when we first moved to london, i spent hours looking at google maps trying to orient myself to the local area, see what was nearby (translation: find the pubs) and generally figure out what the place looked like. one thing kept popping up in my searches of google maps: the chislehurst caves. now, i love anything cavey or geological or eerie historical, so i immediately asked bill if we could go. he was rather less enthusiastic than i was about spending time in dank, dark caves.

after almost two years, i finally convinced him to go last weekend (a testament that nagging works), and we decided to combine it into what turned out to be a fairly long walk from hither green to chislehurst (some 9.5k). to be honest, we’ve done a lot of walking in london – especially around the southeast – and this was not one i’d be likely to repeat, as there was a dearth of green spaces and also pubs or cafes at which to stop along the way and rest our feet (i mean, what is a walk without pubs?).

but finally, we arrived to the caves in time for the last tour of the day at 4pm. our guide was a funny older chap (bill said he looked like a scout who never stopped being a scout) who kept using cockney slang (“dustbin lids” = children, “elephants” = drunk).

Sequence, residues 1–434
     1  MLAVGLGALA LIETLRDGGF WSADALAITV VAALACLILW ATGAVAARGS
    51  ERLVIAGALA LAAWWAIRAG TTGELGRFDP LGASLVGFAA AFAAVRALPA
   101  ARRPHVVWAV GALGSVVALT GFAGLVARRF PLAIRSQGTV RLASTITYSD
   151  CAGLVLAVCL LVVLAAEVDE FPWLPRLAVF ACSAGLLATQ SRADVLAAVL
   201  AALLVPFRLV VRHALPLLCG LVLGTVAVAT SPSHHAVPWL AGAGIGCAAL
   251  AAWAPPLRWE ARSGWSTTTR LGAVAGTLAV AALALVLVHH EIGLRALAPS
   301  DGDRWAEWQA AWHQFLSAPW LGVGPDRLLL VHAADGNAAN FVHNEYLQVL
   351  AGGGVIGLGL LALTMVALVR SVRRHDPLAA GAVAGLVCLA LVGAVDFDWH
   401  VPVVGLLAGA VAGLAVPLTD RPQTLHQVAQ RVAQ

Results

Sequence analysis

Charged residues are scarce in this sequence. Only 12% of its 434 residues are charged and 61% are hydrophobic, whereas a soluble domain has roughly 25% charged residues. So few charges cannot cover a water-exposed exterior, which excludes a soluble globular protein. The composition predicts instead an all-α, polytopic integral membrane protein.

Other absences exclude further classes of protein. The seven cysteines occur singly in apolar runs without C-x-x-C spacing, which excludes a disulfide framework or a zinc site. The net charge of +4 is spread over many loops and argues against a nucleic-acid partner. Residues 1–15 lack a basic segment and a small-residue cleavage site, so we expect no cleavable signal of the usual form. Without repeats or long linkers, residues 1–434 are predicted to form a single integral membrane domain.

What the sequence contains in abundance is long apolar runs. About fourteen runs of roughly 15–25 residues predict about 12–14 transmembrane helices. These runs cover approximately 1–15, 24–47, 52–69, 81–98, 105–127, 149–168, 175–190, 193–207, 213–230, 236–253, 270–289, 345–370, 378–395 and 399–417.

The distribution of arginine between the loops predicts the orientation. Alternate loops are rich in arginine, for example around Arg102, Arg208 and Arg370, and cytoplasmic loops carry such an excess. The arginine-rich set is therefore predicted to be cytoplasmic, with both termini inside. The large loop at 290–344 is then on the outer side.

Chislehurst Caves tour guide
Our guide explaining the caves’ history

the chislehurst caves are actually a man-made series of tunnels and caves that were ancient mines and have since been used for all sorts of purposes, most notably as air raid shelters during the blitz on london in world war II. incredibly, at one time it’s estimated there were 15,000 people living full-time in the chislehurst caves – there was a hospital, a chapel, two canteens, numerous toilets and thousands of bunk beds down there.

the tour takes you through the tunnels and offers a glimpse into the caves’ history, with a special focus on their role as a bomb shelter. each pair or group is given an oil burning lamp, which adds to the spooky effect. our guide’s cheeky sense of humour gave a lift to some of the drier history (like when he took away the lamps and left us standing in total darkness and then banged a massive gong) and he was also full of ghost stories and local historical anecdotes, many of which (i can only imagine) he was personally privvy to.

Chislehurst Caves map
Image: Auz, CC BY-NC-SA 2.0

the tour lasts about an hour (ours a bit longer, as it was the end of the day and Scout Guide was feeling particularly verbose) and traverses about a mile of tunnels. at £6, it’s a serious bargain considering the amount of history and geology you learn, not to mention the interesting anecdotes. this is a must for anyone with an interest in london history or anyone looking for a quirky day out of the city.